Image 05: John Naccarato, Vertebra, Part 2: The Skinning of Memory (VP2) Detail. Artist Studio, University of Ottawa, Ottawa, Canada
Image 05: John Naccarato, Vertebra, Part 2: The Skinning of Memory (VP2) Detail

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Vertebrae, Part 2… Memories

Memory is not an instrument for surveying the past but its theater. It is the medium of past experience, just as the earth is the medium in which dead cities lie buried. He who seeks to approach his own buried past must conduct himself like a man digging”. (Walter Benjamin)

The Memories

Personal memories played a key role in the development of VP2. One such memory involved watching my mother knit. I remember on many an occasion, glancing over from my schoolwork, and being drawn to her subtle, yet precise gestural movements of her hands – magically weaving dollies, scarves, and sweaters for hours on end.

My mother’s gestural movements, which I would come to later identify as gestural memories were introduced into VP2 through the use of a red ball of yarn. The ball of yarn had been placed in the right bottom corner of the VP2 installation (Image 05).

Image 05: John Naccarato, Vertebra, Part 2: The Skinning of Memory (VP2) Detail. Artist Studio, University of Ottawa, Ottawa, Canada
Image 05: VP2 – Lower Left Corner, Detail – red yarn, wood stretcher, painted floor and wall, electrical wire

The red yarn could then be seen unravelling – weaving and stitching its way throughout the VP2 installation, binding sheets of canvas, bed linen, and sewing (paper) patterns together (Image 06).

Image 06b: John Naccarato, Vertebra, Part 2: The Skinning of Memory (VP2) Partial Overview. Artist Studio, University of Ottawa, Ottawa, Canada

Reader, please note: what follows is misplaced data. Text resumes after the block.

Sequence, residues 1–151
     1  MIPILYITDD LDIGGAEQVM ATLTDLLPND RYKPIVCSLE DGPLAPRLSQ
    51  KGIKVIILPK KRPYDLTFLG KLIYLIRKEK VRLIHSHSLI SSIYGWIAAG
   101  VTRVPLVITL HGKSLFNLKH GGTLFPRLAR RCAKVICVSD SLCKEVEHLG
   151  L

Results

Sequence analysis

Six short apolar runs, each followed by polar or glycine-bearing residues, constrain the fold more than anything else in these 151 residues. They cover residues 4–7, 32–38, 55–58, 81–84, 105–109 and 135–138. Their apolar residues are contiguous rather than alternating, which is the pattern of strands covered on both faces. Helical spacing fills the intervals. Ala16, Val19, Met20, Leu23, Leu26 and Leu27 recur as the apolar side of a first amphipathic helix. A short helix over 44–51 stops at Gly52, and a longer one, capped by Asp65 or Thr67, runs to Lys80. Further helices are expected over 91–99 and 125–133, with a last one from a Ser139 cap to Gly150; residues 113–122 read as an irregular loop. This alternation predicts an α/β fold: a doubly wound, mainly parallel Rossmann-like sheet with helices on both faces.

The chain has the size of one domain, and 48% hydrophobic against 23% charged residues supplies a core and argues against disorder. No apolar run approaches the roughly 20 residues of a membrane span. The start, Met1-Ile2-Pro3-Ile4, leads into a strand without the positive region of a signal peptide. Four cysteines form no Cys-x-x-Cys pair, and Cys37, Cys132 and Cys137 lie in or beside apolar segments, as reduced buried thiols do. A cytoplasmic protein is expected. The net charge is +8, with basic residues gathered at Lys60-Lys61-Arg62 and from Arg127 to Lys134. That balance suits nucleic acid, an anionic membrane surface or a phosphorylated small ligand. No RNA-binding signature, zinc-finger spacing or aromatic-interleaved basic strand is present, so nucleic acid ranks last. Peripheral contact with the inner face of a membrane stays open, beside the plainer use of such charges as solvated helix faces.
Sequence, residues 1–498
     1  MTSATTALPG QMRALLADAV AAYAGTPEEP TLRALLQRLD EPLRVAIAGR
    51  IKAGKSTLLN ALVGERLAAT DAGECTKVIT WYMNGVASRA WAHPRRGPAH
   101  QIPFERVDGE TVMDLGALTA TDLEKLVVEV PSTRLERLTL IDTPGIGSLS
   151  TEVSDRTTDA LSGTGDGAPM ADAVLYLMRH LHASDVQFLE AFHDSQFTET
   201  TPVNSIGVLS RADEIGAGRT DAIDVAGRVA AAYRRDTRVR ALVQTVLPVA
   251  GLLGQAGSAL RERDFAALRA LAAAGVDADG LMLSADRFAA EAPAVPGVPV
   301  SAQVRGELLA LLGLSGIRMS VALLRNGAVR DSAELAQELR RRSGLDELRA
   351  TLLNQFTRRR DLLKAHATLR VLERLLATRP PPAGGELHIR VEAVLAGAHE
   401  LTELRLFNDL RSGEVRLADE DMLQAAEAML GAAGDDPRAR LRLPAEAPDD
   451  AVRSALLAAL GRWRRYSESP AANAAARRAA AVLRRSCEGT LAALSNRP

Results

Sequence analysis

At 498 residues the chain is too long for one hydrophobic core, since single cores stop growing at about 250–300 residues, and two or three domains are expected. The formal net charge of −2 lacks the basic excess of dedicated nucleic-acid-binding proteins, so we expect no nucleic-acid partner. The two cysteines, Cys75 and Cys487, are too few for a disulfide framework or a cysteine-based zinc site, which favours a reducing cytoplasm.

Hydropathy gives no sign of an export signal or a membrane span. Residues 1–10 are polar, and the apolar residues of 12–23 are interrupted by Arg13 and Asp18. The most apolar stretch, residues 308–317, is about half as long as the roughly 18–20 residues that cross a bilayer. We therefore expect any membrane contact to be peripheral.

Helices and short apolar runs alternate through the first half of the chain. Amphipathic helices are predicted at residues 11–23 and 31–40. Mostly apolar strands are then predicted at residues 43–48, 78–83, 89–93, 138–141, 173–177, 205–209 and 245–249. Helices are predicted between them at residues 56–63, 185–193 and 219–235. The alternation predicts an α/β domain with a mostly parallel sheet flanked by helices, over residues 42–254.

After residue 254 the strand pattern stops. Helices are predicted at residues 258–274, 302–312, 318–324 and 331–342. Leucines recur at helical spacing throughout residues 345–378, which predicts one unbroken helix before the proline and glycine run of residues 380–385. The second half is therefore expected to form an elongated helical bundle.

Image 06: VP2 – Lower Left Floor, Detail – red yarn, wood canvas stretcher, painted floor, electrical wire

The Stitch

Besides the personal reference of the red wool to my mother, the red stitching could also be interpreted metaphorically on many levels.

Image 06: John Naccarato, Vertebra, Part 2: The Skinning of Memory (VP2) (Memories), Detaill. Artist Studio, University of Ottawa, Ottawa, Canada
Image 07: VP2 – Left Corner Wall Detail -red yarn, canvas, gauze, tape, medical glass slides, paint and string

The gesture of the stitch and the wool’s blood red could infer that the human skin has been breached and then stitched back together.

Image 06x: John Naccarato, Vertebra, Part 2: The Skinning of Memory (VP2) Partial Overview. Artist Studio, University of
Image 08: VP2 – Left Corner Wall Detail -red yarn, canvas, gauze, tape, medical glass slides, paint and string

This gesture in combination with other objects in the work – various materials collected in glass vials, containers, and slides such as wool, electrical wiring, houseflies, virus stains and unidentified organic matter – could further infer some sort of critical intervention: perhaps medical; perhaps, related to biotech and genetic research.

The Gesture

Image 06: John Naccarato, Vertebra, Part 2: The Skinning of Memory (VP2) Partial Overview. Artist Studio, University of Ottawa, Ottawa, Canada
Image 09: VP2 Partial Overview, Naccarato

Each of the gestural movement/s used in the construction of VP2 can, in turn, be transcribed and understood, as a series of gestural memories. These gestural memories originate and evolve in several ways within VP2.

    1. Organically – memories from my own personal past. Or during the experiencing VP2 as it was being researched, developed and constructed.
    2. Materially – the material itself (a skinned TV set, canvas, paint) and/or the placement and juxtaposition of materials, and/or the gestural actions used in VP2 such as brush strokes, stitching, etc.
    3. Sociopolitical – how visitors interpret and generate their own gestural memories from their experiences with VP2.

Next: The Skinning of Memory: Vertebrae, Part 2 (VP2) – Objects

Previous: The Skinning of Memory: Vertebrae, Part 2 (VP2) – Installation

Walter Benjamin, Berlin Childhood around 1900 accessed  2018

Text and ideas originally created and published as part of my MFA Thesis, 2010. Specific segments have been revised and updated for this post. John Naccarato, 2018